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Wednesday, January 9, 2008

Parents Sometimes Worry Needlessly

This is a personal story, aimed toward parents who are worried that their children are playing too many computer games.

When my son was young..., younger, I took a college level programming language called Pascal. I used the computers at the college during the evenings and because I was so poor and couldn’t afford a babysitter, I took my son, who was around seven years at the time, to college after school. While I programmed, he played games on the Apple 2c’ computers.

When asked what he wanted for Christmas, he asked for a computer. I bought him a Commodore 64 and my dad bought him a floppy drive. They were sold separately way back then and harddrives didn’t exist. My sister bought him books that had little games to type into the computer, save on a floppy and play.

As my son grew, we continued to buy him games and update hardware to his Commodore, but eventually he outgrew the little computer when harddrives became available and Commodore didn’t advance into the area fast enough. I replaced his little variety computer with a 486 VISA Gateway, CDROM, 100 MB harddrive, 66MHz. He was around fourteen at the time and heavy into play games. As he grew older he became, what I thought was overly interested in role-playing games both on the computer and off, but I didn’t discourage, thinking that this was going to go somewhere. He was still learning computers.

He entered college into computers, but it became a farce, since he was teaching the professors new tricks. After college he returned home, still playing games and he had just turned eighteen. So on it went buying and trading and borrowing games for the computer and upgrading his computers and the money continued to go out.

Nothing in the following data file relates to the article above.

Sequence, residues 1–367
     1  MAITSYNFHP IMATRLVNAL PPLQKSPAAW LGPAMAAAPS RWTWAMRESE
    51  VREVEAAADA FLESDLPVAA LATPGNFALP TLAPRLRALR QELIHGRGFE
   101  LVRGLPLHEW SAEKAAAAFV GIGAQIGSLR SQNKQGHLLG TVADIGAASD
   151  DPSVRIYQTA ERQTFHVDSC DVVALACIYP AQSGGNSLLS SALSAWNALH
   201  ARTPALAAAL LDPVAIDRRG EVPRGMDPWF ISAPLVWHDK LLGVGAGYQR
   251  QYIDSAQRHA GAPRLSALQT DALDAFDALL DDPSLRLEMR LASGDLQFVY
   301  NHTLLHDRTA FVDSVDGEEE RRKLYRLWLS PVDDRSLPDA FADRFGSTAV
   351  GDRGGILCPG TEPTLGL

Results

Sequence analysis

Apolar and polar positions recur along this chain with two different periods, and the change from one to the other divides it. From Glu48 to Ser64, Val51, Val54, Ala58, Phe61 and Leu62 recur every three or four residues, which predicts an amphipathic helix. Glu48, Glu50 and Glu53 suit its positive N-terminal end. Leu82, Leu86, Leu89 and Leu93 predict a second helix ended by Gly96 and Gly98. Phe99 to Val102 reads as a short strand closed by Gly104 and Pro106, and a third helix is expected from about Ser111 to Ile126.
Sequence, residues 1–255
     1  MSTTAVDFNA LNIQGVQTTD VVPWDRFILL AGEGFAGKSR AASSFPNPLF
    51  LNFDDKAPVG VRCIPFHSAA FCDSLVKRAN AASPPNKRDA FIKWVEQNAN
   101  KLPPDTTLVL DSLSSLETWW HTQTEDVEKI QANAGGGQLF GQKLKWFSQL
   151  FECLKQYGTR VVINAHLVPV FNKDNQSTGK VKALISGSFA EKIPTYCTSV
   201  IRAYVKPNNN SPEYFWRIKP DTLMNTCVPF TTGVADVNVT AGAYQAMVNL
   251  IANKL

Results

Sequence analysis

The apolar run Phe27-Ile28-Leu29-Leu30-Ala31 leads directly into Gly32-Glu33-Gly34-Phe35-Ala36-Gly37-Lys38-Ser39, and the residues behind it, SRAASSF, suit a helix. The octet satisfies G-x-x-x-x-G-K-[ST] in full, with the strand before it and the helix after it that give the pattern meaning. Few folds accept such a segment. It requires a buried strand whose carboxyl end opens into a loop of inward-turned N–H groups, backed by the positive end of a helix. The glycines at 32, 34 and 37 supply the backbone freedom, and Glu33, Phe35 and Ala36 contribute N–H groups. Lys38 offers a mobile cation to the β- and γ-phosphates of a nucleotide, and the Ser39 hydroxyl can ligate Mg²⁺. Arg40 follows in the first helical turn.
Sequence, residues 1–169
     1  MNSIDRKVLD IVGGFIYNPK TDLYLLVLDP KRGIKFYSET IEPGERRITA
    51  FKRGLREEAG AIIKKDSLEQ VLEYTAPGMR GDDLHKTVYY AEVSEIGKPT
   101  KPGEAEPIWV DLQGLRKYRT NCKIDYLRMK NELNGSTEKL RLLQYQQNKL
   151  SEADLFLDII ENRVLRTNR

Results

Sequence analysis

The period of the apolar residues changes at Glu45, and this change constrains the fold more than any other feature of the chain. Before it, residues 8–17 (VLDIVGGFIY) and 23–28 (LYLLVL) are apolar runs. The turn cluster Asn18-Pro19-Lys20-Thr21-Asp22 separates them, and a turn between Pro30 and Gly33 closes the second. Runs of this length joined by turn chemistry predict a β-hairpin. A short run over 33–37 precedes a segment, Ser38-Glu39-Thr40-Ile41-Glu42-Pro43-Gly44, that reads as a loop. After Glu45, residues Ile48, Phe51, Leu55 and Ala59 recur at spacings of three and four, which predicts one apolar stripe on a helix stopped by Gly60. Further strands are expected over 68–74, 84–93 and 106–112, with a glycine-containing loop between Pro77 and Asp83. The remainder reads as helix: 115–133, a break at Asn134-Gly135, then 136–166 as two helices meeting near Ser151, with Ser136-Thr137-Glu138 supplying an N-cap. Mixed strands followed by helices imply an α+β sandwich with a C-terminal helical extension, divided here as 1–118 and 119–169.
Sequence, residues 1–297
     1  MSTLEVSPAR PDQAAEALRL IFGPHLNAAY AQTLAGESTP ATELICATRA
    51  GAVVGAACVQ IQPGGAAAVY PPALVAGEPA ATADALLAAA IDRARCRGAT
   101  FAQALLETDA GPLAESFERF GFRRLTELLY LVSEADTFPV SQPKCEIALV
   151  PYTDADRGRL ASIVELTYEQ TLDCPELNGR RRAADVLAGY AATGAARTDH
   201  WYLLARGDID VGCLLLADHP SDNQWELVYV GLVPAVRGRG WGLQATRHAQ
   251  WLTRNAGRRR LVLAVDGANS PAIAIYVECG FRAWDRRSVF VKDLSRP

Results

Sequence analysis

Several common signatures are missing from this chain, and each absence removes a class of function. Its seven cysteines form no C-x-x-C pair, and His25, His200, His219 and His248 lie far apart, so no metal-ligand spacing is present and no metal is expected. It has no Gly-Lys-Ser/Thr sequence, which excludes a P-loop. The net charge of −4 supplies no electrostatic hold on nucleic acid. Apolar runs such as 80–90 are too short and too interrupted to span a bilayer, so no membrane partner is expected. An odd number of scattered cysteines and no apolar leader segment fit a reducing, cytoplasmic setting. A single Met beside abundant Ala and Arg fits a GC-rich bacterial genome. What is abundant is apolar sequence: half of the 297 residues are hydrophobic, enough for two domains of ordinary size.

Now, ten years later, he still plays games and runs a mobile computer repair business on the side, while working at his regular job in the fishing industry, writing novels and keeping his fanfic fans happy on his website.

The reason for this post is because there is a new gamer on the market, Jared Kim, a nineteen-year-old Berkeley dropout who, like my son, played games. But to his credit, he designed a website called WeGame, that provides both the place and the tools for gamers to share screencasts of their favorite in-game moments.

***WeGame launches as Youtube for gamers***

“The launch of WeGame is like launching YouTube and giving everyone video cameras, because WeGame not only provides a place to upload and share videos, it provides the tools necessary to create the video content itself,” states Kim.

Kim and his team of four have been working on WeGame for six months and have raised $500,000 from True Ventures and Naval Ravikant’s HitForge.

So, for all you parents who are worried about the amount of time your children spend on playing games, remember that it might just work into a full-time high paying job, of which you can be proud of.


jadey said...

My oldest daughter loves to be on the computer and plays all sorts of games. She would be on it constantly but I have limited the time to just weekends and no more than an hour per day on the weekends which ofcourse from time to time certainly exceeds the limits.

Tory said...

Just thought I'd pop in for a visit. I have also done some writing for Helium. Drop by my blog sometime and leave a message.
Take care

Marja said...

My son can't live without it anymore. Brought his PSP on holiday. We try to restrict it but it is a daily battle. i think you are right. He will end up in this area I can't help thinking that he needs more interests. But who am I to say this. I could blog for days if I had the time. Shall check out that We game and your sons website